“Do You Zone Out? Procrastinate? Might be Adult ADHD.”
If you think this sounds like the prelude to a drug commercial you’re not far off the mark. This NPR story reports on a short screening scale or test for adult attention-deficit/hyperactivity (ADHD) disorder as published in JAMA Psychiatry. The gist of the news was the researchers’ claim that “six simple questions” can reliably diagnose adults with attention deficit/hyperactivity disorder. And diagnose it they did: the researchers found that 8.2% of those sampled suffered from ADHD, almost double that found from a comparable study about 10 years ago.
I wish health journalists had asked one simple question in order to give their readers much needed context: Who funded the research? Just follow the money.
The study received funding from a variety of sources, including government (National Institutes of Health) and foundation grants, as well as five drug companies that market medications for ADHD. Its authors list financial relationships with at least twenty drug companies, many of which market ADHD drugs. It’s well known that studies with industry funding tend to come out in favor of the industry’s interests.
Expanding diagnoses to sell more drugs
Here’s another problem: New diagnostic criteria may increase the likelihood of someone being tagged with a condition for which a drug treatment is approved. (And, in the US, these drugs often are familiar because they’re advertised online, in print, and on TV). That’s especially true for mental health conditions, for which we don’t have blood tests or brain scans that can confirm that our patient has an infection or has suffered a stroke, for example.
As psychiatrists and psychologists, our criteria for diagnoses overlap with the normal range of experience and behavior — they have fuzzy borders. This fuzziness makes it easier to sell someone on the idea that their procrastination or their poor performance might be the result of a “disease” that can be fixed with a pill.
More patients mean more business, hence the tendency in medicine to “medicalize” what people are going through. Many people have written about this: Alan Schwarz in ADHD Nation, Dr. Allen Frances in Saving Normal, Ray Moynihan and Alan Cassels in Selling Sickness, Dr. Nortin Hadler in The Last Well Person, and Dr. H. Gil Welch in Overdiagnosed.
As of 2015, almost 7% of school-aged children insured under a parent’s employer and over 12% of those on Medicaid were prescribed medications for ADHD; now corporations have turned to development of the adult market. This was made easier by the lowering of the bar for diagnosing the condition in adults, formalized in the latest edition of psychiatry’s diagnostic manual (DSM-5). Notably, most (78%) of the academics who were on the DSM-5 work group for designing the ADHD criteria were paid drug industry consultants .
Finding unbiased sources
Good health journalists know it’s important to get some perspective and commentary from someone not involved in the study that they’re reporting on. Dr. David Goodman from Johns Hopkins University served as an expert source of information in the NPR article, but readers are not told that he consults for numerous pharmaceutical companies. HIs bread is generously buttered by running studies for at least 14 such companies, according to disclosures in a recent paper published in the Journal of Clinical Psychiatry. He’s published only on adult ADHD for the past 10 years, at least as documented in PubMed. Adult ADHD is his life.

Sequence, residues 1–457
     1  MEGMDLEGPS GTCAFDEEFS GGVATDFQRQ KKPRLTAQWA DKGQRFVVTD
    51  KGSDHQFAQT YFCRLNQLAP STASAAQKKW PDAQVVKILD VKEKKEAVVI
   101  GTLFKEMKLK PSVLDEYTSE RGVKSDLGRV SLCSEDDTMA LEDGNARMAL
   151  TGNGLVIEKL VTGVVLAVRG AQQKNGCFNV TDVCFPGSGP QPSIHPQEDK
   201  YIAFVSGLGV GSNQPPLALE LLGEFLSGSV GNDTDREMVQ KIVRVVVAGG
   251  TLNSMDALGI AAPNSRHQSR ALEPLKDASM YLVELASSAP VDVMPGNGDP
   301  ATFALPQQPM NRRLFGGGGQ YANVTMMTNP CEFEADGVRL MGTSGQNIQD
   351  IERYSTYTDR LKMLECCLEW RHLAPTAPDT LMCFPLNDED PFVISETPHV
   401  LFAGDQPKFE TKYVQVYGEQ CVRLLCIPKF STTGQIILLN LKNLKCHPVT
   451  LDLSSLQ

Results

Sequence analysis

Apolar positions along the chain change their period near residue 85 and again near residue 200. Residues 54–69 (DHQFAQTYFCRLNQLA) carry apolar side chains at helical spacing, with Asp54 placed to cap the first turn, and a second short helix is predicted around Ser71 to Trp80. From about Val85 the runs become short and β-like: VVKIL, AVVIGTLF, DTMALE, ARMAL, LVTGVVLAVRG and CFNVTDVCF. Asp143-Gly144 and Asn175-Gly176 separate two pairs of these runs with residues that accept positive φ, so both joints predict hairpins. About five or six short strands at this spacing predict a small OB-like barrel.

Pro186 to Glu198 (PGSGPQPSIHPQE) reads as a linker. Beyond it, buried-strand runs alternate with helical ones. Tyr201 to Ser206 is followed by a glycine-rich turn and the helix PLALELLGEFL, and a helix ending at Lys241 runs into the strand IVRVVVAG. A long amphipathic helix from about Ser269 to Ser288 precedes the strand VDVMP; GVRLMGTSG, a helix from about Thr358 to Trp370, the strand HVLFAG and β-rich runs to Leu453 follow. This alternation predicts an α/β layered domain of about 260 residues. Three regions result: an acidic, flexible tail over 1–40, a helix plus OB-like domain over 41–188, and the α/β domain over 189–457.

Most psychiatrists in universities have ties to drug companies. Such ties may or may not bias them, but reporters should inform their readers if potential conflicts exist. Health journalists can find sources without corporate entanglements from this list at HealthNewsReview.org (the list is in the process of being revised and may contain some outdated listings) and from the National Physicians Alliance, a group of about 10,000 physicians from all specialties.
Where does it end? Not with the “six simple questions.”
The six questions refer to the Adult ADHD Self-Report Scale, which was developed in conjunction with Eli Lilly and Company and Shire, both purveyors of medications for ADHD. It’s not unusual for companies to develop scales: for example, pain assessment scales were developed by pharmaceutical companies in research studies of opioid medications.
Keith Conners, PhD, a long-time ADHD researcher who developed the earliest diagnostic scale, is horrified by this latest effort by the pharmaceutical industry – and the physicians it buys — to convince more people to take a medication that is essentially speed. Author and psychiatrist Frances quotes Conners in a blog post:
Adult ADHD is real and of great life importance, but quite rare and easily over-diagnosed. Beware the charlatans and fringe practitioners making a new assault to capture the drug market.
The NPR article, with its whimsical graphics, reads almost like a drug ad. Even worse, it came without the fine print of possible side effects. Adverse events can be substantial, especially in people with anxiety or mood disorders who can experience serious exacerbations that can tip them into panic episodes or mania. My cardiologist colleagues wonder what increased stimulant prescriptions will do to rates of arrhythmias and other heart disease. They will continue to wonder as little is known about the long-term use of these drugs in aging populations.
Whenever I see something that looks and smells and walks like an ad, I look at who’s paying. Much to my surprise and chagrin, I found that even NPR takes funding from drug companies. (Their list of supporters includes the Pharmaceutical Research and Manufacturers of America.)
Another bubble burst.
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